Extracurricular activities can enhance a student’s school experience in many ways. Talented athletes and actors can achieve acclaim for their talents, while many school clubs and projects offer educational and social opportunities that aren’t available in the classroom. But extracurricular activities have their negative aspects, too. Students should be aware of the potential pitfalls of those activities to make sure their school experience is as positive as possible.
Managing Time Commitments
Teenagers often struggle with time management, and some extracurricular activities demand more time and energy than many students can handle. If you’re a student who needs a little longer than your peers to finish your homework, an activity that takes up several hours every afternoon after school may not leave you with sufficient time to get all your work done. An alternative might be to get involved with clubs or activities that only meet once or twice a week or that only meet for short periods after school.
Becoming Consumed by an Activity
You may choose an activity that leaves enough time for school work and other priorities, but you might choose to devote your extra time and attention to that extracurricular interest. For example, you may love being involved with the drama program at your school because you love performing or working backstage, and it’s where your best friends are. So, instead of staying after class to get extra help when you need it or keeping up with your assignments or following through on chores at home or other priorities, you hang out at the auditorium or going over your lines and songs at home, leaving everything else undone until it's too late to catch up.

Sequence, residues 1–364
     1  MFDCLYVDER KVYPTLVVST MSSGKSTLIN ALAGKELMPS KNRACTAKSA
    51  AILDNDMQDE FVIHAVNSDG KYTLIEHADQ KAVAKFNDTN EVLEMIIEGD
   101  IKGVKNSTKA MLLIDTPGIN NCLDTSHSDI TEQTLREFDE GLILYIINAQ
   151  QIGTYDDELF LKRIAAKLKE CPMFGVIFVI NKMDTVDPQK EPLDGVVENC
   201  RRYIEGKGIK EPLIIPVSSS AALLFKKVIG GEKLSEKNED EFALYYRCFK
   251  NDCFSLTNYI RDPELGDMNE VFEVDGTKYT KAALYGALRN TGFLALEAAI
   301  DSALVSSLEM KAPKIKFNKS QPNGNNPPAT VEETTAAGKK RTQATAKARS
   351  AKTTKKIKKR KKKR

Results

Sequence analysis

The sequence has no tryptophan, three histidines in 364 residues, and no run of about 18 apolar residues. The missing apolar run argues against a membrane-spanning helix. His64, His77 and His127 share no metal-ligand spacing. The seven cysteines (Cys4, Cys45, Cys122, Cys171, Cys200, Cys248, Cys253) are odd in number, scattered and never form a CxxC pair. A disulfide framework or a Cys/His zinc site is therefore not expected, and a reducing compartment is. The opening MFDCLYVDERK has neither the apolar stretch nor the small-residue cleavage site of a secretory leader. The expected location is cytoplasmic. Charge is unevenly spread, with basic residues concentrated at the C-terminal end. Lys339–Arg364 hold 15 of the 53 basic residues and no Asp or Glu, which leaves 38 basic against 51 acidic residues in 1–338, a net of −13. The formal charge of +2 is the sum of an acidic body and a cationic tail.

Might Be the Wrong Activity
If you're going to commit to an extracurricular activity, it should be one that you're interested in and that is rewarding to you. Parents may push certain activities with good intentions, but if piano lessons are stressful because you'd rather be playing basketball, talk with your parents about your feelings. Maybe you can find a compromise, such as a temporary break from lessons during basketball season.
Less Unstructured Play Time
When much of a young person’s life is scheduled, little time remains for the carefree moments that foster discovery and imagination. This is especially true in younger children, who need to be able to simply play and allow their minds to develop new games, instead of following a rigid schedule established by parents and other grown-ups. If you have a young child who has lessons, sports practice and other structured activities throughout the week, think about whether he's getting enough "kid time." If he seems stressed or over-scheduled, drop an activity and allow for some simple activities like tree climbing, informal games or free play with friends and family.
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